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Vegetable Gardening in Florida Paperback – June 12, 1999
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From the Back Cover
Jim Stephens offers clear explanations of useful gardening terms and joins popular growing concepts with the expertise of the University of Florida's Institute of Food and Agricultural Sciences.
-- types of gardens (including hydroponic and organic),
-- site selection,
-- vegetable variety selection,
garden establishment and care,
-- soil fertilization and management,
-- climatic implications,
-- cultivation practices, and
-- harvesting and storing.
He addresses the challenge of pests and diseases and includes a detailed and illustrated description of all the major and minor crops usually grown in Florida.
And he doesn't overlook the basic, practical advice: thin the turnips, Stephens says, keep your tools sharp and clean, don't use lawn fertilizer on those vegetables. This guide will be indispensable to county agents, schoolteachers, garden writers, and anyone who enjoys a juicy, homegrown tomato.
About the Author
Stephens was founder of Florida's Master Gardener program, the Florida Urban Gardening program, and the Organic Gardening Research and Educational Center at the University of Florida. He has received the presidential Gold Medal Award from the Florida State Horticultural Society, the Distinguished Service Award from the National Association of County Agents, and the Outstanding Specialist Award from both the Florida 4-H Agents Association and the Florida County Agents Association.
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Top Customer Reviews
I like the way he layed out the charts in the back of the book. One section for cold crops and one section for winter crops. He even has a section for herbs! It takes the work out of thumbing through page after page, book after book, of when, what and where I can grow things. Thanks, Mr. Stephens, for taking the mystery out of vegetable gardening and making my life a little easier and a lot simplier.
In a nicely uncluttered way, it shows you through the use of simple illustrated tables WHEN to plant each type of vegetable and WHERE. It makes gardening fun again.
Hooray! No longer does one have to spend days reading about soils, biological make-up, beneficial bugs and the other things that make vegetable gardening seem like some mysterious technological feat.
I hoped the book would give special attention to vegetables grown in Florida such as peppers. The only special attention peppers get are 4 paragraphs in the back of the book that talk about how many peppers will feed a family; that they should be transplanted "with care"; and that they are still edible after turning red (ya thanks!) Note that earlier in the book on pg 43, there is a chart about how easily veggies transplant. Peppers are in the "easily survive transplanting" category as opposed to "require care." Since the back of the book says to transplant the peppers "with care," I see this as a basic contradiction in the book.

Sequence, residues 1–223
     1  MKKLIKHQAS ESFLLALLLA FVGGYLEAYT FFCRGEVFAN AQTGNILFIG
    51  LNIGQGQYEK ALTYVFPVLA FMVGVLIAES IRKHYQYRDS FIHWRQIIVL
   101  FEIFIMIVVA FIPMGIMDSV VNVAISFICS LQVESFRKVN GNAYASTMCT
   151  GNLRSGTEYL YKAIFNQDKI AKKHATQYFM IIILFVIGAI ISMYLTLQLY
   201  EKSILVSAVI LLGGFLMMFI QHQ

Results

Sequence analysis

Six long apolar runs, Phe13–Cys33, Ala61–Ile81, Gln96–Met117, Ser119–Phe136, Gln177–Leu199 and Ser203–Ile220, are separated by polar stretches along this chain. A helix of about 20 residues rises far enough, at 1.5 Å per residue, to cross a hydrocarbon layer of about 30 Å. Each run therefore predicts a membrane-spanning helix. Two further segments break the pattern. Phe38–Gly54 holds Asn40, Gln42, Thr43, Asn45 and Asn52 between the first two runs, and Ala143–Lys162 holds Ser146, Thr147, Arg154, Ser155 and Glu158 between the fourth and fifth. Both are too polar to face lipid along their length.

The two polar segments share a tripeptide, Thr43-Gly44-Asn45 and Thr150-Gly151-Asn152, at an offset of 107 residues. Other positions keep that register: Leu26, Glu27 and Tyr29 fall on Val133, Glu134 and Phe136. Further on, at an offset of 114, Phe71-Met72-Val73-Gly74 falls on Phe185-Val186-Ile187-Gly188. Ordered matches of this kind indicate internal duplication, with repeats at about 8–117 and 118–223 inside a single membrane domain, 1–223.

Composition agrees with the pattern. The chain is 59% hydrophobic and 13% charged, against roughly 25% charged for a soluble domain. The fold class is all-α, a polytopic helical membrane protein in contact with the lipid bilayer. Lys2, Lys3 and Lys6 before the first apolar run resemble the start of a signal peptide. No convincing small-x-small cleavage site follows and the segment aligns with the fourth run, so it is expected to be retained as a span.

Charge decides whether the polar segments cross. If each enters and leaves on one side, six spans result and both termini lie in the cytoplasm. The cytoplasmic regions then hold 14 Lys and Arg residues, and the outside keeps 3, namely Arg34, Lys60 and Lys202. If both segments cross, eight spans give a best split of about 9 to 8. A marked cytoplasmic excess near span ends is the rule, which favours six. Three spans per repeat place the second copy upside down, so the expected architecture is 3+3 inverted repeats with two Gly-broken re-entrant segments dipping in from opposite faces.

I'm not really sure this book will help anyone, novice or expert. It's not detailed enough to help an expert and it's not clear enough to help a beginner. With the author's poor grammar and lack of context, you spend more time scratching your head about what he means than you do learning anything.
I usually prefer to buy a good book to learn how to do any new thing but so far with gardening I find the internet to be a better source of information.
Apart from the pest and disease photos, this is best seen as an idea book. There are some good charts here, but if you want hard, complete information about growing a specific plant under specific conditions, you should look at Tom MacCubbin's books.
I am excited at the idea of growing fresh vegatables in January. However, the soil surrounding my new home seems to be 90% sand. As a midwesterner I am used to rich loamy dirt so I know I have a lot to learn about gardening in Florida. VEGATABLE GARDENING IN FLORIDA has information about composting, rain barrels, container gardening and much more that will be helpful to me. It contains lists of plants that will do well in my area and gives the approximate planting dates as well as yeild.
I am looking forward to planting tomatoes, onions and lettuce in January.
Most Recent Customer Reviews
I was disappointed in this book because it covered use or chemical pesticides rather than principles of organic gardening. Basically it was an outdated book. Read morePublished 21 days ago by Amazon Customer
My youngest brother (65) loved this Christmas gift. He cares for an older bed-ridden brother and and most of his entertainment is a back yard garden. Read morePublished 4 months ago by H. White
Very good. It is hard to find good books on growing vegetables in the summer in SW Florida. Comparatively, a good book.Published 7 months ago by Dianne McDaniel
This book is awesome. Tons of great information on growing vegetables in Florida.Published 7 months ago by Christie DeTrude